The atmosphere is three-dimensional, but most direct measurements of atmospheric processes are made from the lower boundary. Balloons, kites, and instrumented towers permit some observations above the surface but are of limited utility for studying processes at micro- to mesoscale spatial resolution. Conventional research aircraft have long been used for large field campaigns but are too expensive for most smaller field projects and cannot safely operate within confined horizontal spaces or at very low altitude.
In recent years, small drones have been become viable airborne research platforms and address some of the logistical and cost challenges of conventional aircraft. But these have serious limitations of their own. In particular, they are restricted (in lieu of an FAA waiver) to altitudes below 122 m above ground level and to horizontal excursions within view of the operator— typically less than about 1 km. Instrument payloads are also limited.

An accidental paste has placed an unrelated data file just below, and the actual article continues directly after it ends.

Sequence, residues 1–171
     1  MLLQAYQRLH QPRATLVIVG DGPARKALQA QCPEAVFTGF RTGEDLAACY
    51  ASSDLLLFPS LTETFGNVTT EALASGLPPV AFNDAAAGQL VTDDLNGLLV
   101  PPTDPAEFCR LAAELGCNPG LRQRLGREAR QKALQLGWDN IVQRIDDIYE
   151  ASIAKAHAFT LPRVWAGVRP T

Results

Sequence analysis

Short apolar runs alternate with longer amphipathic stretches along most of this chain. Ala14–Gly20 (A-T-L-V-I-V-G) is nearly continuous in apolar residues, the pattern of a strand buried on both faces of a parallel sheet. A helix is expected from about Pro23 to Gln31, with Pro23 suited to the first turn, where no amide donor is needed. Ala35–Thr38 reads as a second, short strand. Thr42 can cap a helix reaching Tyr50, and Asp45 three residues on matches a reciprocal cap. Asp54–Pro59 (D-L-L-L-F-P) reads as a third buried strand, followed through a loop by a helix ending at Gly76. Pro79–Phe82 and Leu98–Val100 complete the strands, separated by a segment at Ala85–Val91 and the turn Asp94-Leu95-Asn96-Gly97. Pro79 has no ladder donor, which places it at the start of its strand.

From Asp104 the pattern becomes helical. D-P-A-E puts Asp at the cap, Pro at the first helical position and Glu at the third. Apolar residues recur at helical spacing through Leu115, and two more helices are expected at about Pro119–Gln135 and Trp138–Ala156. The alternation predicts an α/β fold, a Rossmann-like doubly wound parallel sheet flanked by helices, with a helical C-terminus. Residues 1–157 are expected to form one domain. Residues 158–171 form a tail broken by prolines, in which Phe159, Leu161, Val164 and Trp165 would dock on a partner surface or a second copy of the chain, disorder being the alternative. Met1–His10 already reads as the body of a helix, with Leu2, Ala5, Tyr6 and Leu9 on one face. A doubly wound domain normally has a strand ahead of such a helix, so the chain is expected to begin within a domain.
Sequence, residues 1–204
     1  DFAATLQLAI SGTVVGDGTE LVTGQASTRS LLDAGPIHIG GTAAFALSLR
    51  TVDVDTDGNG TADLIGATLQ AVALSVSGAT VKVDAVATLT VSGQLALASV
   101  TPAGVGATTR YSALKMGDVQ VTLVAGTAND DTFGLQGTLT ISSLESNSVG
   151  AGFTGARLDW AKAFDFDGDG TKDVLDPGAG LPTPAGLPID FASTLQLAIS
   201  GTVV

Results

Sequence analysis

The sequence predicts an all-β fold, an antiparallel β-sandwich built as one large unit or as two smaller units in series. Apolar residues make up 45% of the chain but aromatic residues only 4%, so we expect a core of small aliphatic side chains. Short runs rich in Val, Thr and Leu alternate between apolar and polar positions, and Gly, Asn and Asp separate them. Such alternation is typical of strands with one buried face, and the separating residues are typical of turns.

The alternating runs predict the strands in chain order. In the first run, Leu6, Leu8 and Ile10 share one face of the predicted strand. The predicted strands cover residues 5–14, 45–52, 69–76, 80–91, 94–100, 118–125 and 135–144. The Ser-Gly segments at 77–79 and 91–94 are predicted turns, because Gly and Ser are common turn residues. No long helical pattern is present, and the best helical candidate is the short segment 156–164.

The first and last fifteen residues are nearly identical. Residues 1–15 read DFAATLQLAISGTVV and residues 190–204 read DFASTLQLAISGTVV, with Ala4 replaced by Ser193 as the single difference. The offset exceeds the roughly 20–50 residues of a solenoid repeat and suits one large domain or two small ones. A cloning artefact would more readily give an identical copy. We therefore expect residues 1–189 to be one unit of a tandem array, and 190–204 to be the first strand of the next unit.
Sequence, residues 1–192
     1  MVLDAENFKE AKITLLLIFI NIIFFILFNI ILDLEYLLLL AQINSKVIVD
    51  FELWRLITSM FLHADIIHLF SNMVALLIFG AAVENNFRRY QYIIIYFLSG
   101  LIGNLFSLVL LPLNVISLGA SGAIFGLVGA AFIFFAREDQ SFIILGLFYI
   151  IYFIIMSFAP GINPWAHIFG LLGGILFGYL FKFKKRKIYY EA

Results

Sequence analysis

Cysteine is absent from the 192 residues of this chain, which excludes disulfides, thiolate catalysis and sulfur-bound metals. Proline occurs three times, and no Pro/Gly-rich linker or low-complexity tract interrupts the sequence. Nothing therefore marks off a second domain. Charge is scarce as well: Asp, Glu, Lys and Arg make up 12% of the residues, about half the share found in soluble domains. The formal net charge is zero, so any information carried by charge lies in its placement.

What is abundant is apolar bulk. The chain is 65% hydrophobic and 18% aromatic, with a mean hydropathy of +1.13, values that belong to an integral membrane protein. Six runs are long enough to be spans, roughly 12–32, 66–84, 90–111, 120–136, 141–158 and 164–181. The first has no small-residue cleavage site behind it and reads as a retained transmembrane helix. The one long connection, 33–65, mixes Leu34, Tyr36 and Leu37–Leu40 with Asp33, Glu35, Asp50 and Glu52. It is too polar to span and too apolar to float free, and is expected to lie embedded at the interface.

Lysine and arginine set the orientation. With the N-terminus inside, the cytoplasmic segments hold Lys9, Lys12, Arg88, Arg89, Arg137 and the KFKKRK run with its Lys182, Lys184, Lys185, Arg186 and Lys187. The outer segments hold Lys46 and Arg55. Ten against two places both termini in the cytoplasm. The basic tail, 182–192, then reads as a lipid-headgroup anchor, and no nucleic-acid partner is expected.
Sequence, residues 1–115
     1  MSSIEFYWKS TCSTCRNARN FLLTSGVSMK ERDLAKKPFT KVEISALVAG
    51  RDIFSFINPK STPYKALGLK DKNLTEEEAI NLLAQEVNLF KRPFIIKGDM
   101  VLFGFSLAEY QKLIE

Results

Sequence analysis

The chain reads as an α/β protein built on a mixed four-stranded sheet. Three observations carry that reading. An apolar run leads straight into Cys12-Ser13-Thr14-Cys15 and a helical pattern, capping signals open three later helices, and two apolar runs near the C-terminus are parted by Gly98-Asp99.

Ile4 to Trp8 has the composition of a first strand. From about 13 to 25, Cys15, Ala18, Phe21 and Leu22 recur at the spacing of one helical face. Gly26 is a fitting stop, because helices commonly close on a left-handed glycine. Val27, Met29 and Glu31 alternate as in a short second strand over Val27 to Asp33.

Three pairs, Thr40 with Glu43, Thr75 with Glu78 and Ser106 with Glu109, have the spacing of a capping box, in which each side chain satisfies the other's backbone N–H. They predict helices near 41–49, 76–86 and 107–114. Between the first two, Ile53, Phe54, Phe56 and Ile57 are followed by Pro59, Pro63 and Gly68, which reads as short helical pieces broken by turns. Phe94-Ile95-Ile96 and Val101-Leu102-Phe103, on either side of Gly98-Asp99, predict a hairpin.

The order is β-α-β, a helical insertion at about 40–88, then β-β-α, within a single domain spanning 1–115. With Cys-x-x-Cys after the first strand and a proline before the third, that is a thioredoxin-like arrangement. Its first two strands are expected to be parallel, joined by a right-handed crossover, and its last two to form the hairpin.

At the University of Wisconsin-Madison, we are developing two manned ultralight airplanes as airborne research platforms. One of the two is equipped with electric drive and has the potential to become the first-ever electric-powered manned research aircraft.
Envisioned as flexible multi-mission platforms, these will be able to safely operate at extremely low altitudes and over small study areas, but without regulatory restrictions on altitude or horizontal distance. Leveraging off-the-shelf drone technologies, the pilot will be able to navigate precise flight plans to collect measurements over 10s of square kilometers per flight.
We anticipate extremely low operating cost and high scheduling flexibility, making airborne flights of mission-specific instruments readily accessible to the research community for proof-of-concept studies and as painless add-ons to meteorological and environmental field studies with smaller budgets.